The crazy world of Roberto Carcelén.

by Allen Schauffler

Riding along through life with Roberto Carcelen is never a predictable and boring ride; I know, I’ve been on Carcelen roller-coaster for more than a decade.

We met back in 2008 when I was working as a reporter and news anchor for KING in Seattle and was prepping for the upcoming 2010 Olympic Winter Games in Vancouver, BC.

Somebody sent me an article about a Seattle guy who was trying to become the first-ever Winter Olympian to represent Peru.
The story was local, quirky and the person involved had only a small chance of actually making it to the Olympics and no chance at all of winning a medal, which meant that Bob Costas and the rest of NBC Sports, the Olympics broadcasting 800-pound gorilla, would have no interest in him whatsoever.

It was perfect; just the kind of story we were into, just the kind of athlete I loved introducing to the viewers. 

So a few nights later I end up in the Carcelen’s basement in Seattle’s Leschi neighborhood, watching Roberto scrape and wax his various pairs of skis and hearing him talk about this dream of skiing for Peru in the Vancouver Games.

Frankly, as I nodded and smile and interview, inside I’m rolling my eyes and wondering whether this is anything but a weird Olympic fantasy.
He was pushing 40 years old after all and had taken up skiing just a few years earlier. I thought he was just a little crazy.  But I also couldn’t help liking the guy. There was no questioning the sincerity of his wish to wave the flag.

He and his family were a delight, his and Kate’s story of international online love and an instant connection was a delicious and personal sidebar and their daughter Frankie (Francesca, for the record) was as adorable as a two-year-old could possibly be and lit up a video camera with her personality.

Vancouver Olympics 2010

So we shoot and edit the story, put it on the air, then cross our fingers knowing it could be the last we see of Peru’s only competitive cross-country skier. 
But he qualifies. Waves the flag, too, carries it in the opening ceremony of the Vancouver Games. I remember him coming by the KING5 studios at some point before the Olympics started, sporting a red down jacket with “PERU” on the back, giving us a preview of the first-ever piece of Peruvian Winter Olympic gear. He was beaming.

My job in Vancouver kept me mostly downtown in the city chasing hockey players and short-track speedskaters, and I never had a chance to connect with Roberto and family up in Whistler.
I heard about his disappointing race. He had a nasty crash and finished second-to-last. There’s that roller-coaster thing; wave the flag and march with the world’s best athletes one night, go on your nose and barely make it across the finish line the next — sort of standard Carcelen action.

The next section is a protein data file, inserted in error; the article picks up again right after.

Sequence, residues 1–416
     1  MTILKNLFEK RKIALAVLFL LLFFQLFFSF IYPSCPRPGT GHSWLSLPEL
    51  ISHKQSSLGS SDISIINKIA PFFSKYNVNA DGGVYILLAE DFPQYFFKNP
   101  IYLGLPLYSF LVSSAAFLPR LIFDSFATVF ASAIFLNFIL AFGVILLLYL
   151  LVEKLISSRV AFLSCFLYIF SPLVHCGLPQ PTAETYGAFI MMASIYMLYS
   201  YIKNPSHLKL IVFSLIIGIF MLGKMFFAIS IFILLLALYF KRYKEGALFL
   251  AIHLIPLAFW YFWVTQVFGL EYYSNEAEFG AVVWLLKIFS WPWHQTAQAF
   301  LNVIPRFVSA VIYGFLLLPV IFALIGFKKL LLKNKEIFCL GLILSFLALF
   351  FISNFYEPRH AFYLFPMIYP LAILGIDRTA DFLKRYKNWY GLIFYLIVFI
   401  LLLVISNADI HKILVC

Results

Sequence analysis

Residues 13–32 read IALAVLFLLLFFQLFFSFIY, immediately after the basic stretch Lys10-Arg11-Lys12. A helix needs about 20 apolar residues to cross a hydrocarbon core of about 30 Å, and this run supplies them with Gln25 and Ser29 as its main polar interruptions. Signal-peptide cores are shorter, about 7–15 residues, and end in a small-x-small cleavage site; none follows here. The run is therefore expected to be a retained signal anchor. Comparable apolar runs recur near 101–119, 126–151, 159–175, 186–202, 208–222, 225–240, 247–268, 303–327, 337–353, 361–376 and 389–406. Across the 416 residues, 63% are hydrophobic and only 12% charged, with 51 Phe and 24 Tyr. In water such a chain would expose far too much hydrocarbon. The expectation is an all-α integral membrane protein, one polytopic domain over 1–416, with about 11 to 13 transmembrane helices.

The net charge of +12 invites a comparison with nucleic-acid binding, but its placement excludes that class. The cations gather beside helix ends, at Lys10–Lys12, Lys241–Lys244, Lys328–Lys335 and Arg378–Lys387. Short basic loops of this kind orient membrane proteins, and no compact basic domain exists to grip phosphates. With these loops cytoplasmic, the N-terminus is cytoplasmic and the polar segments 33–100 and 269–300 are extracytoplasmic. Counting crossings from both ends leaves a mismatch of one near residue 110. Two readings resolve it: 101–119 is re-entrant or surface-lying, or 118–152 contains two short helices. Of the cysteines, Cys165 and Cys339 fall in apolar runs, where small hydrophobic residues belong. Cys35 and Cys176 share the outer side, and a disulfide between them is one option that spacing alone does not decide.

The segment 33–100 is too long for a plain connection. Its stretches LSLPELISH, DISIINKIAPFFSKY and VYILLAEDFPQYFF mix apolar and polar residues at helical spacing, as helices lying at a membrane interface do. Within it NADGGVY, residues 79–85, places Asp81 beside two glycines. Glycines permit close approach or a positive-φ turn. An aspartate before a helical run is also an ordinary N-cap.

I was a bit stunned when I heard he was going to try again. Stunned at first anyway, then I realized it was just Roberto being Roberto.

Sochi Olympics 2014

By the time Sochi came around, he would be PAST 40, four years older and four years creakier, so why even think about it? But no, I remember him telling me, “I’ll be better, I’ve learned so much, I’m just starting to know this sport”. Remember, he’d never been on skis until Kate dragged him up to Snoqualmie Pass one winter day a few years before we met. So, of course, he stuck with it, and of course he qualified and of course, the thrill-ride just had to have a Carcelen show-stopper element.

He called from Europe to tell me about his training crash and the two cracked ribs. Have you ever had broken ribs? It hurts to breathe. It hurts to walk. It hurts to lift your arms. It hurt me just to listen to him on the phone. And as soon as I get done saying how sorry I am that the dream is over, of course, he tells me I’m wrong; it’s not over.

He plans to ski the race, against the doctor’s recommendations, just to show people what’s possible. Again, I think he’s a bit crazy but at this point have absolutely no doubt that he’s serious and is going to do it.
He does, of course, becomes “The Man Who Won by Losing” and a true symbol of a pure Olympic spirit. 

He’s hailed as a hero back home in Peru and immediately starts planning how he can use the newfound fame to help others. That’s just Roberto being Roberto, too… 

Parkinson’s Disease

And now? Roberto diagnosed with Parkinson’s? It’s another stomach-churning plunge on the Carcelen roller-coaster and of course, it’s a plunge followed by an inspiring upswing.

This is just another opportunity, a chance to use his own experiences with an implacable neurodegenerative disease to educate others about the condition, raise awareness about it and raise funds to fight it, and show others with Parkinson’s that “Todo es possible”…

Yes, I’m still on-board, still following the ups and downs, still hanging on for dear life. It has been a real treat for more than ten years and will continue to be so because of the nature of that wild ride.

He’s a friend by now, a good friend, not just a story subject; he stopped being that years ago. I’ll help any way I can and will chime in to support his blogging when possible.  

-Allen Schauffler 

An Olympic Memoir. The Daring Tale of How One Man Took His Country to the Olympics by Roberto Carcelen


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